Hermann, Timothy et al v. State of Wisconsin et al

Filing 66

ORDER granting defendants' 56 motion to compel discovery. Plaintiffs Timothy Louis Hermann and Karen Elaine Hermann may have until March 27, 2018, to file responses to defendants' discovery requests that comply with the Federal Rules of C ivil Procedure. Plaintiffs' motion to strike defendants' amended answer, Dkt. 65 , is DENIED. Plaintiffs' motion for an order forcing the parties to settle the case, Dkt. 60 , is DENIED. Signed by District Judge James D. Peterson on 3/6/2018. (jef),(ps)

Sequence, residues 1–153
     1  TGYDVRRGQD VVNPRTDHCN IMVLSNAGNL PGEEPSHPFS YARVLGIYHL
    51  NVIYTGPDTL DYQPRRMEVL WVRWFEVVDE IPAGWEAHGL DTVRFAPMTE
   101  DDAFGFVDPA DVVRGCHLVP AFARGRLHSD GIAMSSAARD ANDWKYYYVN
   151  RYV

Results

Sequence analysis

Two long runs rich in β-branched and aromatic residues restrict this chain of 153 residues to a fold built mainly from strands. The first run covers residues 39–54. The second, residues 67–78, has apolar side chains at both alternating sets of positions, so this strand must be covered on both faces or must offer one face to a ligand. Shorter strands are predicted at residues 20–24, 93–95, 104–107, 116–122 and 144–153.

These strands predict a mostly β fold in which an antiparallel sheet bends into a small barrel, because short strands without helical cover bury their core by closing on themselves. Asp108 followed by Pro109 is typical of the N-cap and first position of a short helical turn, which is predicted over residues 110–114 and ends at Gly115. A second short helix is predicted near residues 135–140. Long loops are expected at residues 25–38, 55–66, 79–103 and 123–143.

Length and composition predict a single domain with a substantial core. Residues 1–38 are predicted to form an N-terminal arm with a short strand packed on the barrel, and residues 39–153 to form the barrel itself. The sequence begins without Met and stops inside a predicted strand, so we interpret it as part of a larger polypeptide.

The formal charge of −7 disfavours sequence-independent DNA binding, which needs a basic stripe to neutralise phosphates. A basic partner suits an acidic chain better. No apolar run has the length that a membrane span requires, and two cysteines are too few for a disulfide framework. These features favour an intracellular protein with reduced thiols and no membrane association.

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IN THE UNITED STATES DISTRICT COURT FOR THE WESTERN DISTRICT OF WISCONSIN TIMOTHY LOUIS HERMANN and KAREN ELAINE HERMANN, Plaintiffs, ORDER v. 17-cv-60-jdp DUNN COUNTY and DENNIS P. SMITH, Defendants. Pro se plaintiffs Timothy Louis Hermann and Karen Elaine Hermann bring this lawsuit alleging that defendant Dunn County Sheriff Dennis Smith violated their rights when he removed them from their home following foreclosure proceedings and that defendant Dunn County discriminated against them in its decision to reject their proposed tax foreclosure repurchase agreement. Defendants have filed a motion to compel discovery, stating that the Hermanns have provided incomplete, evasive answers to some of their requests. Dkt. 56. More specifically, the Hermanns responded to several of defendants’ interrogatories asking for the Hermanns’ basis for stating that defendant Smith falsely arrested Timothy and used excessive force, by referring defendants “to the case file and Amended Complaint.” See Dkt. 58-3. They responded in a similar way in response to interrogatories asking them to identify the policies or procedures they believe caused Dunn County to discriminate against them. Finally, in response to defendants requests for production of documents, the Hermanns stated, “Please refer to all documents in the case file including all the documents the defendants and the law firm have and the information submitted in this interrogatory.” Id. Defendants say that they wrote to the Hermanns on December 27, 2017, explaining the deficiencies with their responses. The Hermanns say they did not receive that letter, but now they contend that their responses were appropriate anyway. They say that “[t]he defense attorneys have access to the case file and the amended complaint. It is not the Plaintiff’s responsibility to be a reference librarian/clerk to the case file.” Dkt. 60, at 2. They also say that they “are not bound just by Rules 33 & 34 but also to equity, Constitutional, and God’s law/Natural law.” Dkt. 60, at 2. They do not explain why any of these sources of law would allow them to stonewall defendants on their reasonable discovery requests, other than to reiterate that defendants should refer to the “case file” and the amended complaint. The Hermanns misunderstand their burden in the discovery phase of this litigation. After plaintiffs file a lawsuit, they must explain to the defendants in detail why they believe that defendants have violated their rights, and provide access to documents they intend to use to prove those violations. Blanket references to the case file or amended complaint are not close to sufficient, particularly here, where the documents that have been filed thus far, including the amended complaint, do not explain in detail exactly why the Hermanns believe that defendants violated their rights. The Hermanns need to answer defendants’ questions aimed at understanding the Hermanns’ version of events surrounding their eviction by defendant Smith, and their theory for why the county turned down their bid to buy the property back. They also need to share the documents they will use to support their case. I will grant defendants’ motion to compel and give the Hermanns a short time to provide more complete, detailed answers to the interrogatories and requests for production of documents. The Hermanns are indeed bound by Rules 33 and 34 as well as the rest of the discovery rules. In particular, they need to answer the interrogatories under oath. And even if some of the records supporting their case are already in the court record, they need to explain 2 to defendants which of those documents answer each numbered request, rather than just citing generally to the case file. Defendants move for attorney fees spent on litigating the motion. Because I cannot confirm on the record currently before me whether the Hermanns actually received the December 27 letter, and because the Hermanns are litigating this case pro se, I will deny this request for fees. But if the Hermanns continue to drag their feet in responding to these requests and defendants are forced to file another motion, I will award fees to defendants. The Hermanns also object to defendants amending their answer to allege that Dunn County is not a municipal corporation under Wisconsin law. I gave the Hermanns a chance to amend their complaint even after defendants filed a motion to dismiss it, and it would be unfair to deny defendants an opportunity to make a revision of their own pleading. So I will deny the Hermanns’ request that I strike the amended answer. Finally, the Hermanns ask for an order to compel settlement of this case. Perhaps the parties will see an opening for productive discussions once the Hermanns provide defendants with more information about their version of the events at issue. But I cannot force the parties to settle the case. ORDER IT IS ORDERED that: 1. Defendants’ motion to compel discovery, Dkt. 56, is GRANTED. Plaintiffs Timothy Louis Hermann and Karen Elaine Hermann may have until March 27, 2018, to file responses to defendants’ discovery requests that comply with the Federal Rules of Civil Procedure. 2. Plaintiffs’ motion to strike defendants’ amended answer, Dkt. 65, is DENIED. 3 3. Plaintiffs’ motion for an order forcing the parties to settle the case, Dkt. 60, is DENIED. Entered March 6, 2018. BY THE COURT: /s/ ________________________________________ JAMES D. PETERSON District Judge 4